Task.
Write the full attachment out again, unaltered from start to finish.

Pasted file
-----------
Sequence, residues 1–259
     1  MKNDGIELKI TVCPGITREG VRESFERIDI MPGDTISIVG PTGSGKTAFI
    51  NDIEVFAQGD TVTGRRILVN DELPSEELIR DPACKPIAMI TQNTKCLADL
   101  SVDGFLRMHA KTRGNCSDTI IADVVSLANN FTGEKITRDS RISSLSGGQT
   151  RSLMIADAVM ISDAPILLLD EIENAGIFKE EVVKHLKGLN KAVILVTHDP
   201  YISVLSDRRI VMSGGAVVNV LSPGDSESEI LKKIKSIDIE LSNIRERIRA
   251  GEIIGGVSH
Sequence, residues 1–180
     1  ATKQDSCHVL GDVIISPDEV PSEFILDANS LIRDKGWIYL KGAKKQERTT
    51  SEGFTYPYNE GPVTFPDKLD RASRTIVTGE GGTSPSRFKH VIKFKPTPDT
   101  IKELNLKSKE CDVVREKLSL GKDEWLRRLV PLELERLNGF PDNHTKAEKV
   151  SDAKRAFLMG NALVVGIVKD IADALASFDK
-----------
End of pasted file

Sequence, residues 1–259
     1  MKNDGIELKI TVCPGITREG VRESFERIDI MPGDTISIVG PTGSGKTAFI
    51  NDIEVFAQGD TVTGRRILVN DELPSEELIR DPACKPIAMI TQNTKCLADL
   101  SVDGFLRMHA KTRGNCSDTI IADVVSLANN FTGEKITRDS RISSLSGGQT
   151  RSLMIADAVM ISDAPILLLD EIENAGIFKE EVVKHLKGLN KAVILVTHDP
   201  YISVLSDRRI VMSGGAVVNV LSPGDSESEI LKKIKSIDIE LSNIRERIRA
   251  GEIIGGVSH
Sequence, residues 1–180
     1  ATKQDSCHVL GDVIISPDEV PSEFILDANS LIRDKGWIYL KGAKKQERTT
    51  SEGFTYPYNE GPVTFPDKLD RASRTIVTGE GGTSPSRFKH VIKFKPTPDT
   101  IKELNLKSKE CDVVREKLSL GKDEWLRRLV PLELERLNGF PDNHTKAEKV
   151  SDAKRAFLMG NALVVGIVKD IADALASFDK